Letter to Philemon: Another Side of Paul

Studies in Philemon, Lesson 1

By Reta Halteman Finger

Ruins of a first-century Greco-Roman villa
Ruins of a first-century Greco-Roman villa. This photo is of the porch with a skylight letting in water for the shallow pool below. Philemon may have owned a house like this. 

No matter what their attitude about the Apostle Paul, most Christians view him as a missionary, theologian, teacher—and maybe as a stern, humorless disciplinarian. Some of us have had a love-hate relationship with him through the thirteen letters attributed to him in our New Testament canon—especially those of disputed authorship. Of the seven undisputed letters, such as Romans, 1 and 2 Corinthians, Galatians, Philippians, or 1 Thessalonians, there is a small jewel at the end of the Pauline corpus which is often ignored. When was the last time you read Paul’s letter to Philemon?

In this brief letter (which consists of only a single chapter), Paul deals with pragmatic concerns that center around his relationship with one young man named Onesimus (Oh-NESS-sim-us). Paul writes to Philemon (fi-LEE-mon), who hosts a church congregation in his house; but in his opening salutation he also includes Apphia and Archippus (probably church leaders), as well as the entire church (v. 2). Something has happened in Paul’s life, rather than in the life of a church, that has caused him to write. Before reading further in this lesson, go through this letter quickly and see if you can figure out what has happened and what Paul wants from Philemon.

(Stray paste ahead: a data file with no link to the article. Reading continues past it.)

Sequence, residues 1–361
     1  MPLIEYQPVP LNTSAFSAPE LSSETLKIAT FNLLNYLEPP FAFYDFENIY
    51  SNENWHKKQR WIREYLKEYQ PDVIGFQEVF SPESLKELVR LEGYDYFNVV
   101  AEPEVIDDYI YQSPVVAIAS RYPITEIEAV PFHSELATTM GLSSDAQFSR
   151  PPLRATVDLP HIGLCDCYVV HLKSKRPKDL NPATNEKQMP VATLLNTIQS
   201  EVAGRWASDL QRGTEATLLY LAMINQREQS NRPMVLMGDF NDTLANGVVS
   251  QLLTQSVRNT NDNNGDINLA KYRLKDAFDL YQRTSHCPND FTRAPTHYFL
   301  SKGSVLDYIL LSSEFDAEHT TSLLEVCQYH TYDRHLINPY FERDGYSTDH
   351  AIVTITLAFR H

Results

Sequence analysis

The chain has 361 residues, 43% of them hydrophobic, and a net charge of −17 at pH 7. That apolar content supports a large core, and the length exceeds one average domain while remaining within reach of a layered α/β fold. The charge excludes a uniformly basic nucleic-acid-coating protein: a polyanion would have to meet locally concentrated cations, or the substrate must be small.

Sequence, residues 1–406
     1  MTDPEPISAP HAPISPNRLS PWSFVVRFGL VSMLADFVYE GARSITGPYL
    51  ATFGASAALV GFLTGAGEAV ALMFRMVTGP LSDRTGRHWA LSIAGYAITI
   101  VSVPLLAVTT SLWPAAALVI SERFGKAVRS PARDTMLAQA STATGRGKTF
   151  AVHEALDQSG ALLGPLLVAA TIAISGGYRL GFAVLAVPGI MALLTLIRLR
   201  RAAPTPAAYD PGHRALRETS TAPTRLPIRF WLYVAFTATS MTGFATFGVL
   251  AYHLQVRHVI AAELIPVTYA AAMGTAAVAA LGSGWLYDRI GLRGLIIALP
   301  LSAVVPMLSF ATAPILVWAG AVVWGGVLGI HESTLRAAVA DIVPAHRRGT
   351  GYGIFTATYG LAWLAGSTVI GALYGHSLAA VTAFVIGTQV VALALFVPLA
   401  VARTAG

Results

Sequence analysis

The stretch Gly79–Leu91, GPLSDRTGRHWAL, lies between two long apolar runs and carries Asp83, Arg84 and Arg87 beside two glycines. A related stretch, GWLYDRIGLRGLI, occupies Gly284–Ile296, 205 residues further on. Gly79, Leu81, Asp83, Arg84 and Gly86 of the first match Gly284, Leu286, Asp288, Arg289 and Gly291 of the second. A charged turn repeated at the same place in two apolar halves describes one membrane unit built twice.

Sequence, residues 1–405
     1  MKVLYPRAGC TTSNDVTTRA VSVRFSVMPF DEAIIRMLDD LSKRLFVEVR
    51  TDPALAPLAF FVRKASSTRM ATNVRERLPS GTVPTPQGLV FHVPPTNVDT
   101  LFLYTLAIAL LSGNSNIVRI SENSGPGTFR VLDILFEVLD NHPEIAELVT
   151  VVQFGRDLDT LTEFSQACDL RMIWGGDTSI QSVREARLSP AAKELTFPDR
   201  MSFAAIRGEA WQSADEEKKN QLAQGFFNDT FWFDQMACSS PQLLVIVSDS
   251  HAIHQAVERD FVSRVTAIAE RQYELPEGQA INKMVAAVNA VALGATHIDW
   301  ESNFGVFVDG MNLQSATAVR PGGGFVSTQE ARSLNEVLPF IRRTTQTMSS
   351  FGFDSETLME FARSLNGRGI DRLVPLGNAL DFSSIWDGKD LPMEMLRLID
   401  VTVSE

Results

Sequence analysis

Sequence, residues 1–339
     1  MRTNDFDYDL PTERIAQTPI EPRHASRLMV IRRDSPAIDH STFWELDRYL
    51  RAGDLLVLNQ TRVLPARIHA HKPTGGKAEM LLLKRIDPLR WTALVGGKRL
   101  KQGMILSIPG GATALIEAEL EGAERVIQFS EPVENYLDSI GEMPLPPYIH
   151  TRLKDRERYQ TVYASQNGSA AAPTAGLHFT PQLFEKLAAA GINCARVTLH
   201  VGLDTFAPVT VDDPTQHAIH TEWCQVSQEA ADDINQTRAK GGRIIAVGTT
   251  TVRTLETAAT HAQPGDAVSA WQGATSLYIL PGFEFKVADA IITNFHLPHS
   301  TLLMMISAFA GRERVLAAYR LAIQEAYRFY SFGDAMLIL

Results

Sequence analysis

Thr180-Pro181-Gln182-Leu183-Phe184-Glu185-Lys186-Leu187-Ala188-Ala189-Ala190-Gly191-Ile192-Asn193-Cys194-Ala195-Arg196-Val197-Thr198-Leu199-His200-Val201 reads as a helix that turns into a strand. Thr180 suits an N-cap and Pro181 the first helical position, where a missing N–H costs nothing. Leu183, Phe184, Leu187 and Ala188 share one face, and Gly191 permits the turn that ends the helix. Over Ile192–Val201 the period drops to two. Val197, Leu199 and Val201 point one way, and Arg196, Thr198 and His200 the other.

“I know you will do even more than I say.”

If you didn’t get it the first time, you are not alone! This letter is so full of puns, innuendos, double entendres, and other persuasive techniques that even Philemon must have scratched his head for a while. Clearly, Paul wants something from Philemon and is laying it on pretty thick to get him to do it—but what is it?

It appears that Onesimus has been one of Philemon’s slaves (vv. 15-16), but he had apparently run away and ended up meeting Paul, who is in prison in some other city. Either this was a chance meeting, or, more likely, Onesimus fled to Paul as someone who could intercede to his master for him. Now Onesimus has become a believer (v. 10) and a support to Paul in his difficult incarceration (v.13). So Paul is sending him back to his owner and wants Philemon to accept him as a brother rather than as a slave (v.16). It is possible that Onesimus has stolen something from Philemon, and if so, Paul says he himself will repay (v.18). But is that all? Does Paul want Philemon to accept Onesimus back into his household—or to return him to Paul for further service, now as a legal freedman? (v. 20) Or what?

Onesimus and Roman slavery

Although we may tend to view slavery through our past American experience of having enslaved black Africans, slavery in the Roman Empire was not tied to race or color. Nor was it limited to manual labor by workers deliberately kept illiterate and uneducated, as in the American South. Rather, slaves were either captives of war or piracy, or sold to pay off debts, or were the children of slaves. Sometimes free children were sold for money, especially girls. On the other hand, slaves who gave good service could hope to be freed after 20 or 30 years. Or if they had a particular skill they could use on the side, they could save up money to buy their freedom.